Chicken comes from downriver, spices from out back. Three times a day the chef chimes his bell for all the guests to gather; serving times are strict to save time and resources. The dining room is a central building – a huge hut resting on poles. Beautiful carvings decorate the interior, and dark wood stands out within this evergreen realm. The tables sport a relaxing view overlooking the lagoon, surpassed only by the view from the bar. Cosy spaces and a vivid athmospehere makes the perfect setting for the lodge, and you’re instantly cought within it’s rythm. The lodge begun business on a small scale several years back, and now hosts up to 40 guests at any time. Lacking only a beach, Sani Lodge looks like an ordinary bungalow resort, except housing partly hidded in the bush. Everything’s a bit rough, but just as clean. Spacious rooms make for pleasurable rest, but the true quality lies in the outdoor ventures. Activities are always running – nights are spent nightwalking to see nocturnal wildlife as frogs,
see. ”The more tourists we get, the better – and we’ve already grown so much in a few years”, Patricio tells. The Kichwas of Sani Isla have thereby established an important destination on the eco-map, without profiting anyone but themselves. Leaving Sani Lodge is about as wonderful as arriving, as the canoe is poled out into the tributary. Sani Lodge is definitively among the best, with a system favouring not only the forest but the people living in it. Yet, there you are – in a canoe, speeding for the airport. In the middle of nowhere, half-way around the world. Your thoughts reach out as always; wouldn’t it be better for the environment, to just stay home? Probably. But if you can’t, this is where to go. MARTIN EDSTRÖM
FACTS GETTING HERE Flight to Quito, then to Coca (Fransisco de Orellana). From Coca boat to Sani Lodge (included with your stay). Trips are best arranged by the lodge, since they can coordinate flights and boat-transportation. ACCOMODATION Many alternatives; your own bungalow or a room in one of the huts. Everything is spartan, but clean and safe. Doubles go for $150/night – with absolutely everything included. Camping is a possibility, for about $100/night, with the same range of facilities available. All the prices include 3 meals a day, and all the guided tour you want. Rubber boots and misc. equipment is also available. Transfer by boat (roundtrip) to Coca is also included in the price.
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BRING • Boots or rubber boots. Also available to borrow at the lodge. • Bug- and mosquito protection. • Fully covering clothing, including a hat. • Binoculars. • Every last piece of bathroom necessities – nearest drug-store is far away.
spiders and the typical caimans. Daytime treks go to the newly built tower, out on the main river and to several first-class birding spots; Sani Isla is a Mecca for ornithologists and amateur birdwatchers alike. Hoatzins and parrots are constantly sitting among the straws on the dining-hut roof, and several species are only found here. As sun sets guests can take a swim in the lagoon, which is appreciated after a day spent in boots. As we get back from the lookout tower, we hear another canoe coming in. The sun is setting, red behind the curtain of thick forest. As we’re spot on the equator, night falls fast. Cicadas hit the strings, and the evening air vibrates from the sounds of the wild. It turns out to be the young guide Javier paddling the canoe, returning with a group of guests from a birding session. Both the Swiss and the English sound pleased, and thank him wholeheartedly. ”No problems, you know” Javier says, laughing his words with an american accent. Thanks to the work at the lodge, he’s been able to study biology and ecology in the US. Returning home to work as a guide, he’s become a favored part of the team; today Javier is Chief Guide at the lodge. ”I’ve lived in the rainforest all my life, you know” he tells as we talk. ”I love showing it to the people who come here”. Tourism funding Conservation is a slogan used by many eco-destinations. Sani Lodge is one of very few that actu-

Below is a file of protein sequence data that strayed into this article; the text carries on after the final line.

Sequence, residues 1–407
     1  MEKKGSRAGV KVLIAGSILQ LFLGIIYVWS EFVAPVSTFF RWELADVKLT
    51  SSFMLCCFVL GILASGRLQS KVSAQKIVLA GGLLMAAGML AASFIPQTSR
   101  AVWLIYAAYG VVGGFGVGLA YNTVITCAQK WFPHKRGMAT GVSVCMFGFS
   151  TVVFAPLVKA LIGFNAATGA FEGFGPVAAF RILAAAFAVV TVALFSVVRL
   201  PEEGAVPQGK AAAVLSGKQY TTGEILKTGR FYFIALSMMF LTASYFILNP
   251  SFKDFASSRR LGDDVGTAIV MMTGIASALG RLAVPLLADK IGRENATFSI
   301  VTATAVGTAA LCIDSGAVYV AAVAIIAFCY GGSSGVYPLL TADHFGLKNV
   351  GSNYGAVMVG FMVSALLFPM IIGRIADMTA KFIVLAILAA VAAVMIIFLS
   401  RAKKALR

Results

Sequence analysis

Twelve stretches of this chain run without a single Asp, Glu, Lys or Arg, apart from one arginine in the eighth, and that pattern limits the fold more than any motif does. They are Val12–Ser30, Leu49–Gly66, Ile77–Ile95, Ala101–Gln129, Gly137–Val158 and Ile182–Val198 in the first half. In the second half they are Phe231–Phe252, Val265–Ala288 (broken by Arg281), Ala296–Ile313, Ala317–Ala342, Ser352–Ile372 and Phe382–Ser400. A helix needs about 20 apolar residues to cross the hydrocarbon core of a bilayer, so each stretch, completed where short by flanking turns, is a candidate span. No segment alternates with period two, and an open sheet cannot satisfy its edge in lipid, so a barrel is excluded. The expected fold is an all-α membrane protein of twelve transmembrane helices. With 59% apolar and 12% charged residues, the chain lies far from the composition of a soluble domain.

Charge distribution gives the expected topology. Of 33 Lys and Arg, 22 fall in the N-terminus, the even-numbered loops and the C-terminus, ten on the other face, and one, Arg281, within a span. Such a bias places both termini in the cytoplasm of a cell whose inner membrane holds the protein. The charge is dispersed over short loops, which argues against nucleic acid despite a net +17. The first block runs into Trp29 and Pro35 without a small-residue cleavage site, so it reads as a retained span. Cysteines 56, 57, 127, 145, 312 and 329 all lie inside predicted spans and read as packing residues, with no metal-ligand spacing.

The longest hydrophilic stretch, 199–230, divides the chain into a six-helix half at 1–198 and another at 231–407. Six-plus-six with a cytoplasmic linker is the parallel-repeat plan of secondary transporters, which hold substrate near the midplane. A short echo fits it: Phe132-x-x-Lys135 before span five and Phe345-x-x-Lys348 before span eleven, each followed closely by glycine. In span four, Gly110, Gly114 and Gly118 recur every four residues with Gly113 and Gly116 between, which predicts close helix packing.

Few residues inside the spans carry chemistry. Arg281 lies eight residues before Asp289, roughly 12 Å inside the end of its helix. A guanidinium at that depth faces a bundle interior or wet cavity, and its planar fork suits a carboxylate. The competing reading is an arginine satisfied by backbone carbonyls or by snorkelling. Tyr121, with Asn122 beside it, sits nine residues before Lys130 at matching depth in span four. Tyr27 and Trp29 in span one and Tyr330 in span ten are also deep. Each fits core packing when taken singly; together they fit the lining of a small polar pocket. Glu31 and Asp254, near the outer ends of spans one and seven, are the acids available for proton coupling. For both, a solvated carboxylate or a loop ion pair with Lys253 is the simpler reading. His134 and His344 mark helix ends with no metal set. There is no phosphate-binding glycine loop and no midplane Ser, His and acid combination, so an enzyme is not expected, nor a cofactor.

TRAVELLING WITH CHILDREN The trip may be long, but the lodge is well equipped for travelling with children. Guided tours can also be adapted. Important to remember is to carefully protect children from mosquitoes and other bugs; full-cover clothing and bug repellent is a must!
Pudicide nonsequi dolesequi sunt volestrunt. Lumet, tecto volum, to iur aliquias dolent. Pudicide nonsequi dolesequi sunt volestrunt. Lumet, tecto volum, to iur aliquias dolent. ally accomplish all that this stands for. ”The best part is that we won’t need other work in the future”, Patricio says about the transformation that’s going on for the people of the Sani Isla community. ”Before we had only coffee, cacao and woodwork for our income, but now we have the lodge”. And this is the very core of their environmental work. For decades the people of Sani Isla had to cut and burn the rainforest to clear space for farming; this being the case for most indigenous people living in the Amazon area. Thanks to the income from the lodge, they can keep the forest. Keep it, and show off with it. Because they are indeed living in the middle of a resource – one people pay to come